“You gotta think outside the box!”
“That’s ‘inside the box’ thinking. If you really want your social media, content marketing, and more to take off, you must think outside the box!”
You’ve probably heard some version of those two sentences.
In a macro sense, “thinking outside the box” is good.
Challenging assumptions, updating your priors, experimenting, and trying something new is good.
However, it’s important to “think outside the box” the right way.
Otherwise, you can go too far and possibly take actions that are detrimental to your interests.
The Difference Between “Defensive” and “Funny”
BMW is a household name.
They’re one of the most famous vehicle manufacturers on merit.
BMWs are some of the best cars in the world. That goes back decades.
Recently, however, they put some content out there that raised eyebrows (to put it mildly).
Personally, I don’t know much at all about cars. (I proudly have driven the same Jeep for years, and before that, a minivan.)
But, I do know the 2022 BMW iX looks, uh, different than I would expect.
If you click on that article, you’ll see that many people criticized the vehicle’s look. I’m not here to debate the vehicle’s design, but BMW’s response was fascinating to me.
Someone tweeted at BMW (in regards to why they didn’t like the vehicle’s look) “because I don’t want to drive a slit-eyed Allegro with squirrel teeth.”
That’s Twitter. Someone says something mean every second.
BMW’s official response was: “in order to go new ways you sometimes have to try new looks.”
As the article goes on to say, on the campaign webpage, you’ll see: “You will always have plenty of reasons to change. But the truth is: it’s always easier to find a reason not to.”
That’s… not how we would’ve handled things.
Far be it for me to criticize BMW, who will be a successful, multinational corporation for decades to come (if not much, much longer).
However, that just comes off as defensive. It doesn’t read as funny, inspirational, or something positive.
If you’ve been reading these blogs, you know how important it is to be “conversational” in your marketing.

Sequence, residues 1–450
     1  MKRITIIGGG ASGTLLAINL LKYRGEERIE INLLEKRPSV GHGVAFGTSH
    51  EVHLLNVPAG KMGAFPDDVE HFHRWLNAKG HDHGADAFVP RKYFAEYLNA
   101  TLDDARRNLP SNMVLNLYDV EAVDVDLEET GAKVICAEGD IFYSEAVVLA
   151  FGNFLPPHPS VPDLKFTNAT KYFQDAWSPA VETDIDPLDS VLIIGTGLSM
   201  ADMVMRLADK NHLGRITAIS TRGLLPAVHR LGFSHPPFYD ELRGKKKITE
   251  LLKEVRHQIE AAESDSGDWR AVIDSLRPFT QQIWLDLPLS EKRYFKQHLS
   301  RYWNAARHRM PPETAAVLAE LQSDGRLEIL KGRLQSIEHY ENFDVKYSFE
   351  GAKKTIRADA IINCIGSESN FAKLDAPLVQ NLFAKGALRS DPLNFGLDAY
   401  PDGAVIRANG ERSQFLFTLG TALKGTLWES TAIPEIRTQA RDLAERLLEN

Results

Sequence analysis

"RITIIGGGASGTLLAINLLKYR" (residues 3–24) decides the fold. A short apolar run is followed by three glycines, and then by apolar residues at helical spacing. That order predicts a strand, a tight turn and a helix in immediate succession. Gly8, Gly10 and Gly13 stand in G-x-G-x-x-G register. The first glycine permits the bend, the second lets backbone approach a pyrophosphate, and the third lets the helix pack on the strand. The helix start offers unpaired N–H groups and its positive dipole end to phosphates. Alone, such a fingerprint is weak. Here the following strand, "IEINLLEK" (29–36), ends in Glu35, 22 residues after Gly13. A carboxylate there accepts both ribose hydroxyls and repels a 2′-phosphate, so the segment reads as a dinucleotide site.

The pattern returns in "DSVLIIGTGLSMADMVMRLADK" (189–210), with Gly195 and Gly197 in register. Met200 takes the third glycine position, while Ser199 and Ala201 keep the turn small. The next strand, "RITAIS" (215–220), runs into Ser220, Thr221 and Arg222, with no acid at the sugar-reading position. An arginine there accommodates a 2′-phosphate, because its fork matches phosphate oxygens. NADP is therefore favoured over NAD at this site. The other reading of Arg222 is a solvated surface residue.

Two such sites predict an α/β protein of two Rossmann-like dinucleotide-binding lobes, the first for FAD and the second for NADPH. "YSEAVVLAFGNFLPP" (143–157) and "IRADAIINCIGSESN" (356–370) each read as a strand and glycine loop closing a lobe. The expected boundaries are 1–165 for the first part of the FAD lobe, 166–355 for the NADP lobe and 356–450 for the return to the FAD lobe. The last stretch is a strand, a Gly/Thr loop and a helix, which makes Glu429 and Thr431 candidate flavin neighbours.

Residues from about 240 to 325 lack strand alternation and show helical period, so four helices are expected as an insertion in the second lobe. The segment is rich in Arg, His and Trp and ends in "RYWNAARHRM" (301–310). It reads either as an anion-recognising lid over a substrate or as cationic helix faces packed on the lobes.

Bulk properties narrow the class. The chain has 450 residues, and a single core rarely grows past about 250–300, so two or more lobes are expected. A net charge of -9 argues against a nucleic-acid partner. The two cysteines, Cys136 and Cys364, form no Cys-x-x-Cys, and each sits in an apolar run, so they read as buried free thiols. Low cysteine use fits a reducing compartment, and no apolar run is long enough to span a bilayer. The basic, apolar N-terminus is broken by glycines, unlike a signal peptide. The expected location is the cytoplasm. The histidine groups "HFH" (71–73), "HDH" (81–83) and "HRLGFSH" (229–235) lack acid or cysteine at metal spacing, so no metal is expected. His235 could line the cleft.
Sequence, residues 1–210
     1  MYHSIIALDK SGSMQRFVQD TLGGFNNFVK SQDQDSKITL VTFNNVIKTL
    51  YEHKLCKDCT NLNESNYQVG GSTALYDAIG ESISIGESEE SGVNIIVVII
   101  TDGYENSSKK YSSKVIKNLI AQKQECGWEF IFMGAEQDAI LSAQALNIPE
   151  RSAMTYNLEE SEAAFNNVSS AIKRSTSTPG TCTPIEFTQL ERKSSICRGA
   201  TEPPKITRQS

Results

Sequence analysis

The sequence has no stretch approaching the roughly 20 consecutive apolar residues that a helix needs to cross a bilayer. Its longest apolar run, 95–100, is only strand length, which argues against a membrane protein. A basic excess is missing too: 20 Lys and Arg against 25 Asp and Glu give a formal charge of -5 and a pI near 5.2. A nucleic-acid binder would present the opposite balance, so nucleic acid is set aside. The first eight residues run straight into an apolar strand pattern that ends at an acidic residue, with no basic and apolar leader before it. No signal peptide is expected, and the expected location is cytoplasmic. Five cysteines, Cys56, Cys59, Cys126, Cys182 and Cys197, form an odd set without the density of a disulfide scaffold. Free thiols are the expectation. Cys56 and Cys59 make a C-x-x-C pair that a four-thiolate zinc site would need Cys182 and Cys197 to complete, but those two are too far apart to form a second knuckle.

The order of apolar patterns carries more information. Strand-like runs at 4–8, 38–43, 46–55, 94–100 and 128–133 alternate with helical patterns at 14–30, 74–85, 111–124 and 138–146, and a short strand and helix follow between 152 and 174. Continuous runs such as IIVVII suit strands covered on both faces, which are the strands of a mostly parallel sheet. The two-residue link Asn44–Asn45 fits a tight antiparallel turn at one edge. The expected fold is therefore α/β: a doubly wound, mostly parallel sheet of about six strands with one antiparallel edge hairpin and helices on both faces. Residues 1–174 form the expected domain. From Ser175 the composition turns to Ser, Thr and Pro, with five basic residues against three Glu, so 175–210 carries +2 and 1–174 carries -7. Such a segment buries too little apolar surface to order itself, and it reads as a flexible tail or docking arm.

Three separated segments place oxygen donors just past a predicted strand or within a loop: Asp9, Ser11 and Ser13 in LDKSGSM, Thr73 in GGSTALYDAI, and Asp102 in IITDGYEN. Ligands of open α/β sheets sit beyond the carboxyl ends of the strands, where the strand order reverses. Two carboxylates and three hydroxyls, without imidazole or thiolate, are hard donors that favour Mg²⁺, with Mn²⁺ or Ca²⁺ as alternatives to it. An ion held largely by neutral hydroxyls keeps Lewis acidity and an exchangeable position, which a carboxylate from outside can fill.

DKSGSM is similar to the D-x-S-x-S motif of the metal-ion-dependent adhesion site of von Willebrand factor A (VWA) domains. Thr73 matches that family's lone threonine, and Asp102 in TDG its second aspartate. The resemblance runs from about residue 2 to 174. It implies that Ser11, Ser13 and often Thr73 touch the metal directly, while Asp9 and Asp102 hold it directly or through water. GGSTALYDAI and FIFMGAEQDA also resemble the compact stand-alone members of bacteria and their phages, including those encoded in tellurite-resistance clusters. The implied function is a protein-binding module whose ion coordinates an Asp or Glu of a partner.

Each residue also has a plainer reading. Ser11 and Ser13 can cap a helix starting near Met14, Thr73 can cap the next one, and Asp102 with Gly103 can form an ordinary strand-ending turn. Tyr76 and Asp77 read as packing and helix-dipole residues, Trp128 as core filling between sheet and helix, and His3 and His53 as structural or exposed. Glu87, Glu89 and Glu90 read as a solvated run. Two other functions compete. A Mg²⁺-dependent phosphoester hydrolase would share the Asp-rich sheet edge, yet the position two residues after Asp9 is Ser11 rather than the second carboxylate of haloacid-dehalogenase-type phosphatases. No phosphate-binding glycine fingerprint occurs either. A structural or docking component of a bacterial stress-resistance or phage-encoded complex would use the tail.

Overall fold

Now, imagine someone saying that in a conversation. How’s it sound?
Condescending. Mean. Icy. Dry. Off-putting.
It’s unlikely to make someone want to hear more.
Again, BMW is going to be fine. But, for another business, this is probably far from the right tack to take.
What I’m Guessing Happened Here
Here is an actual commercial BMW put out for this vehicle.
To summarize, social media quotes from people criticizing the car float around the vehicle. Cool, well-dressed young people ignore them, get into the car and drive off, having a great time.
My guess is that this was pitched as aspirational.
“You’re an original. You’re not going to listen to what those naysayers post on social media. Someone like you is better than that. You’re an original, and you’re going to love this original design of this vehicle.”
When thought of that way, it’s far more understandable how this happened. Instead of “we’re just lashing out at our potential customers on social media,” it becomes a marketing strategy that missed the target.
So, what have we learned here?
Always think about what you’re posting on social media or putting in an ad.
Run it by someone else before you go public with it.
You can run it by other people on your team, at your company, and so forth.
If you have someone you trust who thinks very differently than you, maybe run it by them, too.
Ultimately, you will have to make the final call.
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